Monthly Archives: December 2018

A timidly lived life, an eggless existence, low fat

Eggs Fried

The Cleveland Clinic says eggs are good for you. It says you’d do well to eat them every day. Salt, it says, is not all that bad. A low-fat diet makes little difference.

All those eggs not eaten. All that cabbage not salted. So much skim milk. The mind reels. The spirit plummets. The metabolism boggles.

Who is to blame? Doctors? The Government? The Sugar Lobby?

Where is the reward for a timidly lived life? An eggless existence?

What price low fat?

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Cahiers de Hoummous: Yuletide hummus, a MidLaw tradition

In the spirit of the season, garnish your hummus with a sprig of holly. The dark green leaf, the bright red berry: they rest so well on a rich bed of beige. (Recipe for the beige: The MidLaw Hummus Way.)

But do not eat that holly. Remember: Holly is toxic and can cause death to small animals and little children.

Merry Christmas to all! And a Happy New Year!

Bright long-term future of the right lawyers and mid-sized firms affirmed by tech guru

Kai-fu Lee, leading artificial intelligence exponent, makes the following observation about lawyers and artificial intelligence. He’s in line with MidLaw’s dogged confidence in the prospects of lawyers who focus on core (indeed, 19th Century) lawyer skills and MidLaw’s confidence in the mid-sized law firms that provide the best setting left for cultivating those skills.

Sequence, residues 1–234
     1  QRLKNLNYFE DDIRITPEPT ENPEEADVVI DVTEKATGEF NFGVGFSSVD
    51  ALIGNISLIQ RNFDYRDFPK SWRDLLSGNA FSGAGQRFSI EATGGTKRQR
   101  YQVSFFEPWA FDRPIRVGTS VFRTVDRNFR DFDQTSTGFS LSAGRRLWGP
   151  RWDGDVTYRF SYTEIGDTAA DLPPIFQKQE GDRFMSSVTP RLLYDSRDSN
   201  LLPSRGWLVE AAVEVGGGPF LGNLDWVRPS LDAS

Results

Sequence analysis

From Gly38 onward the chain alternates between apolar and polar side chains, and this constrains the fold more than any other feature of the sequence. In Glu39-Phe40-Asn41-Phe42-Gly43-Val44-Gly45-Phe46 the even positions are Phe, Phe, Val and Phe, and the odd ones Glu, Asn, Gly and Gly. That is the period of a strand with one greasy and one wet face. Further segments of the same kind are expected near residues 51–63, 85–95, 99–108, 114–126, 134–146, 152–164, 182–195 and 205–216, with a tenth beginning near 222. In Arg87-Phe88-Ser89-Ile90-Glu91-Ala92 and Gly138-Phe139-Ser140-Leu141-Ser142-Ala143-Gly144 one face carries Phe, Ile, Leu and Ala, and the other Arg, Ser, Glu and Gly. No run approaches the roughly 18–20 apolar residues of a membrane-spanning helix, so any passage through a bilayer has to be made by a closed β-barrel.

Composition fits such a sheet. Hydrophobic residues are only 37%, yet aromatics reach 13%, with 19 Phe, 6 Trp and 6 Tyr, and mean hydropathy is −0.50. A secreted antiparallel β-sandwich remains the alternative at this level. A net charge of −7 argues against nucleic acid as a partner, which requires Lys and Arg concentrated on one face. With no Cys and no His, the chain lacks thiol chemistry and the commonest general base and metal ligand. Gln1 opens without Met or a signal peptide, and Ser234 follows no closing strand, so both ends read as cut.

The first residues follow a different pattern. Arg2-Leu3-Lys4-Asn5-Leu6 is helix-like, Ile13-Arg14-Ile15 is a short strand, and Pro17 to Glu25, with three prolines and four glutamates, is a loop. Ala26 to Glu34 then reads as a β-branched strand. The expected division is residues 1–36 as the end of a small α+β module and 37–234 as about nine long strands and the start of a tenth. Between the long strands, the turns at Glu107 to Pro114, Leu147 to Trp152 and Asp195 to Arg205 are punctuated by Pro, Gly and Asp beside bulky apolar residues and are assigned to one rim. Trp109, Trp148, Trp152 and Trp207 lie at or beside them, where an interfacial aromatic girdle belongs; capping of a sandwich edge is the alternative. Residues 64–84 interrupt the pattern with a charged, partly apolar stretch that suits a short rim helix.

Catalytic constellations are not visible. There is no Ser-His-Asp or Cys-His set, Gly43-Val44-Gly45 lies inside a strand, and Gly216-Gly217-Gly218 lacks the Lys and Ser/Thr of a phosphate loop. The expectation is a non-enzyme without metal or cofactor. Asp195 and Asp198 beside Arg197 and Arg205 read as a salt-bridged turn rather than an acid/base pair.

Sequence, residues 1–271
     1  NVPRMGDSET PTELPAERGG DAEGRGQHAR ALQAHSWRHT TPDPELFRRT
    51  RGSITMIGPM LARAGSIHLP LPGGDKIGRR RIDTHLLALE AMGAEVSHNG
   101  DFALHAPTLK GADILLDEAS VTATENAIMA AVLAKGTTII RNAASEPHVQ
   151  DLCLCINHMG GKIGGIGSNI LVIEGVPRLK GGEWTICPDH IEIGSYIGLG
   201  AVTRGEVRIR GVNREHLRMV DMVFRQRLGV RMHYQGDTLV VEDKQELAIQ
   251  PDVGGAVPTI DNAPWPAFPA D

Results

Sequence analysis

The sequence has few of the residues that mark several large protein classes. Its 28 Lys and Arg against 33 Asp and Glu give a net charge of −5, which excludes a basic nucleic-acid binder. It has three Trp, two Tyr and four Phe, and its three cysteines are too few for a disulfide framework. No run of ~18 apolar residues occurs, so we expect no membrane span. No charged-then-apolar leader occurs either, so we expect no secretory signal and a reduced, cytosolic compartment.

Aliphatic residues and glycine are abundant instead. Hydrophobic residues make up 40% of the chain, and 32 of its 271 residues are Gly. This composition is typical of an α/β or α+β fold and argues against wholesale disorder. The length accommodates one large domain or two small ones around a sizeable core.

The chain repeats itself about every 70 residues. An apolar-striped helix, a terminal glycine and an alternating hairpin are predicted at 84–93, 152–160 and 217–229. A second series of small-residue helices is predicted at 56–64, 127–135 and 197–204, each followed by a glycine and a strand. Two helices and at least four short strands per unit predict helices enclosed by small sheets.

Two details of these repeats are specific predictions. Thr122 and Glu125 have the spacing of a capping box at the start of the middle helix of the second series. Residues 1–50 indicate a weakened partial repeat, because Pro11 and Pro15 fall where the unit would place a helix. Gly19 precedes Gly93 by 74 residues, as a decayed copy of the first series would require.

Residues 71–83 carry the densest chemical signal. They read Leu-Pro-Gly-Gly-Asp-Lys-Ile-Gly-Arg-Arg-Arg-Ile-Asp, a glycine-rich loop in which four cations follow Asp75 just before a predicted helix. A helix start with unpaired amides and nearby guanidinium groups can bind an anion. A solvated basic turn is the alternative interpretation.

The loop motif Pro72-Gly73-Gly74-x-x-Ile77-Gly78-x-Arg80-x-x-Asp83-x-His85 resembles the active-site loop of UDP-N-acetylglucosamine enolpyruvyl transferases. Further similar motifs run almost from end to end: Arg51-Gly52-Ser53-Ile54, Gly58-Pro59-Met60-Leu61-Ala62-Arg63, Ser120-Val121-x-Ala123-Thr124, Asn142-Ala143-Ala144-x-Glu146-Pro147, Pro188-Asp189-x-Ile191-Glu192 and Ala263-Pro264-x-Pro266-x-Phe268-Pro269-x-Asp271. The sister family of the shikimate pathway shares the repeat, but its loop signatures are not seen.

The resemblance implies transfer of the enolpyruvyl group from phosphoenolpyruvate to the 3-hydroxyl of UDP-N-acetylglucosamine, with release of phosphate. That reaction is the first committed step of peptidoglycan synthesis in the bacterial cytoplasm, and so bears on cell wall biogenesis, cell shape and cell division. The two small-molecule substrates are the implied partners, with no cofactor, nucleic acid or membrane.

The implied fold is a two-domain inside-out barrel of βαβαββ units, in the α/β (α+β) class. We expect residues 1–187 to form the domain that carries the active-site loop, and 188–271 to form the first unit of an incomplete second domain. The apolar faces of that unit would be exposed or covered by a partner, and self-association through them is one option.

Top lawyers will have nothing to worry about when it comes to job displacement. Reasoning across domains, winning the trust of clients, applying years of experience in the courtroom, and having the ability to persuade a jury are all examples of the cognitive complexities, strategies, and modes of human interaction that are beyond the capabilities of AI. However, a lot of paralegal and preparatory work like document review, analysis, creating contracts, handling small cases, packing cases, and coming up with recommendations can be done much better and more efficiently with AI. The costs of law make it worthwhile for AI companies to go after AI paralegals and AI junior lawyers, but not top lawyers.

10 Jobs That Are Safe in an AI World

MidLaw has been saying so:

MidLaw Christmas Traditions – The James Brown Christmas Miracle

Everybody has their Christmas traditions. MidLaw has several. First is the James Brown Christmas Miracle, which MidLaw discovered last year. You can push a button right here, right now, and get James Brown’s Funky Christmas on your device. Now that is a miracle.

As nearly as I can tell, thanks for this are due to Josh Jones, a writer, and musician based in Durham, NC, and to Open Culture, the best free cultural and educational media on the web. And, of course, to JAMES BROWN.

Let us rejoice and be glad.

Have a Soulful Christmas (Track 6).

[Next week, it’s MidLaw’s Yuletide Hummus.]

Modern trends in scams, spoofs, and fraud, the fevered pace of it all

The great thing about check frauds is they proceed at a leisurely pace. (Used to.) Phone fraud, on the other hand, makes up 30% of all mobile calls and next year they say it’s going to 50%. That’s a fevered business. 

There’s a guy in Florida who made 96 million crooked calls in 3 months. OK, the initial calls were automated. Spoofing. But still.